“In addition to the obvious focal points of employment growth and wage and price inflation, the Federal Reserve needs to keep a watchful eye on other areas as well,” said Wobbekind. “Political and military tensions could cause supply chain disruptions. In addition, the refinancing of commercial real estate buildings and the growing federal deficit could have significant impacts on the banking system.”
If rates fall in 2024, bonds are poised for a rebound, which could benefit people nearing or in retirement.
“Prior to COVID or even during COVID if you owned a bond portfolio, you were making almost nothing on it and you had to reach for yield by maybe buying riskier corporate bonds or using other strategies,” Davies said. “Now you can actually make a decent return in real terms, not just nominal terms.”
Homeowners and homebuyers
Homeowners with adjustable-rate mortgages may see lower monthly payments if rates drop, while homebuyers may have the opportunity to lock in a mortgage with a lower rate.
“But if you're holding out for the opportunity for 3.5% or 3% for a 30-year, fixed-rate mortgage, it’s unlikely,” Davies said.
Buyers may see more houses coming onto the market this year and could benefit from the increase in supply, “so the savings in your monthly payment may not come through the interest rate change, but perhaps through a lower purchase price,” Davies said.
Rate cuts typically stimulate the economy because companies are more willing to invest, which bodes well for the labor market.
“Having lower interest rates means firms are able to hire employees and invest in projects,” Davies said.
Still, there could be economic curveballs in 2024. “There are some things that are a bit frightening, like seeing that savings has dropped a lot for households after the huge buildup early in the pandemic. We're seeing more credit card debt,” Davies said. “There are some signs that even though the economy has been running really well for the past year, there could be some things that we just haven't seen come to fruition.”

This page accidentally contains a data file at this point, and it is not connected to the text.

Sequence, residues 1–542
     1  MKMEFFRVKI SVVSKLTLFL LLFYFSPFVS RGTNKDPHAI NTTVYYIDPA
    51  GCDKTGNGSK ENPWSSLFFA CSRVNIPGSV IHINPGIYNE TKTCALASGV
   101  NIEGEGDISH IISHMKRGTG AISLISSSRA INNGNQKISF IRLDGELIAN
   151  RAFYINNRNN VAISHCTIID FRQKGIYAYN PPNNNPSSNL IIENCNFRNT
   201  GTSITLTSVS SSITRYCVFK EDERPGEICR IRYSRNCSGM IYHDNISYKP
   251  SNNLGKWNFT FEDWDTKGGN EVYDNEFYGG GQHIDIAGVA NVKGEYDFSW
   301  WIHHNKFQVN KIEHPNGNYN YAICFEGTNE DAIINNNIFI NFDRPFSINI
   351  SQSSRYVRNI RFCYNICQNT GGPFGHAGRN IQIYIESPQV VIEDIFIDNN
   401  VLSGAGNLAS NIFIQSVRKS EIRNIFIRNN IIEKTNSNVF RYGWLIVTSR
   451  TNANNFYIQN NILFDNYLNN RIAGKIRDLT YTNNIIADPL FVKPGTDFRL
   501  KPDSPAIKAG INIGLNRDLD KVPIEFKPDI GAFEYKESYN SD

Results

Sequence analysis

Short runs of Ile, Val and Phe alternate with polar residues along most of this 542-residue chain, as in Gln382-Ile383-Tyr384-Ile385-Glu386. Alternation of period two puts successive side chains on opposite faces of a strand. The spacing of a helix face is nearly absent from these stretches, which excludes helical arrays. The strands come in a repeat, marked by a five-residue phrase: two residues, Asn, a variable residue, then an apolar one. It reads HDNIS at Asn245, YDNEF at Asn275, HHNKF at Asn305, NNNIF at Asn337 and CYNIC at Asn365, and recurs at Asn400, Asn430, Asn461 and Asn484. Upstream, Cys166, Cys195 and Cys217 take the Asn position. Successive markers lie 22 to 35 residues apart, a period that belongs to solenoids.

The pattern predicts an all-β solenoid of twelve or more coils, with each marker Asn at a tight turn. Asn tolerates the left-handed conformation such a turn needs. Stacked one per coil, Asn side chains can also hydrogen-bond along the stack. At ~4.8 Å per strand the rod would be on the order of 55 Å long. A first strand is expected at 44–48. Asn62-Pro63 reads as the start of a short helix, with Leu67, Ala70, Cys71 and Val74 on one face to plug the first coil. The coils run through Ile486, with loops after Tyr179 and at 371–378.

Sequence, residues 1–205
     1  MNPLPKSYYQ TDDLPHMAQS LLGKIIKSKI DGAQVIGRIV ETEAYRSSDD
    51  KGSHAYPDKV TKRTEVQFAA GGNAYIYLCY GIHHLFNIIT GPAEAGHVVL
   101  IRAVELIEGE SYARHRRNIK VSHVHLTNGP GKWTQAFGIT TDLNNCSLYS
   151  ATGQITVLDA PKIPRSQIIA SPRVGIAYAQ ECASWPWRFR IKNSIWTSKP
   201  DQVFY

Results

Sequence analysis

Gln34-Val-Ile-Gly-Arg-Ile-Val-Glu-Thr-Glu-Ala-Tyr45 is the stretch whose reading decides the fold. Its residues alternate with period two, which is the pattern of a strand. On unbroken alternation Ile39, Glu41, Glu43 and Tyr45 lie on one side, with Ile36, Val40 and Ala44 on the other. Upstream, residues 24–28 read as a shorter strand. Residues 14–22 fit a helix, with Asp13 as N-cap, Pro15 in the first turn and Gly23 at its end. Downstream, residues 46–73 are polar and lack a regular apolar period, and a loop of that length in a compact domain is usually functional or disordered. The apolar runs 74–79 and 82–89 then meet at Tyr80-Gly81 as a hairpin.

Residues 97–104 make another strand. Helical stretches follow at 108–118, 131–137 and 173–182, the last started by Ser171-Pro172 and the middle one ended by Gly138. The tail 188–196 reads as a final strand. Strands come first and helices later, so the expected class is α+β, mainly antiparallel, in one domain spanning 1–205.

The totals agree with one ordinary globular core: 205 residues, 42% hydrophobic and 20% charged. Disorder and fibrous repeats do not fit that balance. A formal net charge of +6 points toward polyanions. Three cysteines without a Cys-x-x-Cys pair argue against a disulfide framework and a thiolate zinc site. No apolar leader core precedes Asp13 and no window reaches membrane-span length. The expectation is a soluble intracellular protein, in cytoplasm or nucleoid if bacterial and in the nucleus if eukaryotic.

Inflation may be slowing, but prices for consumer goods are still high. Regardless, consumers keep spending.
“A reckoning is going to come when people realize that they've overstretched themselves,” Davies said. “The sort of traditional liquidity channels that we've been tapping into for the past 16 years are much more expensive now. All debt is more expensive, and I don't think consumers realize that they're already hemorrhaging.”
Davies is doubtful that robust consumer spending will hold up in 2024. “I think you’re going to see the consumer really pull back over the next year and a half to two years,” he said.
“Just because inflation may have come down doesn't mean prices have come down. It just means that prices aren't going up as quickly, and so I think the consumer is going to start pulling back on more extravagant expenses,” such as travel and tech upgrades, Davies said.
“Maybe rate cuts will help lessen the pain, but I don't think that there's truly been pain felt yet,” he added.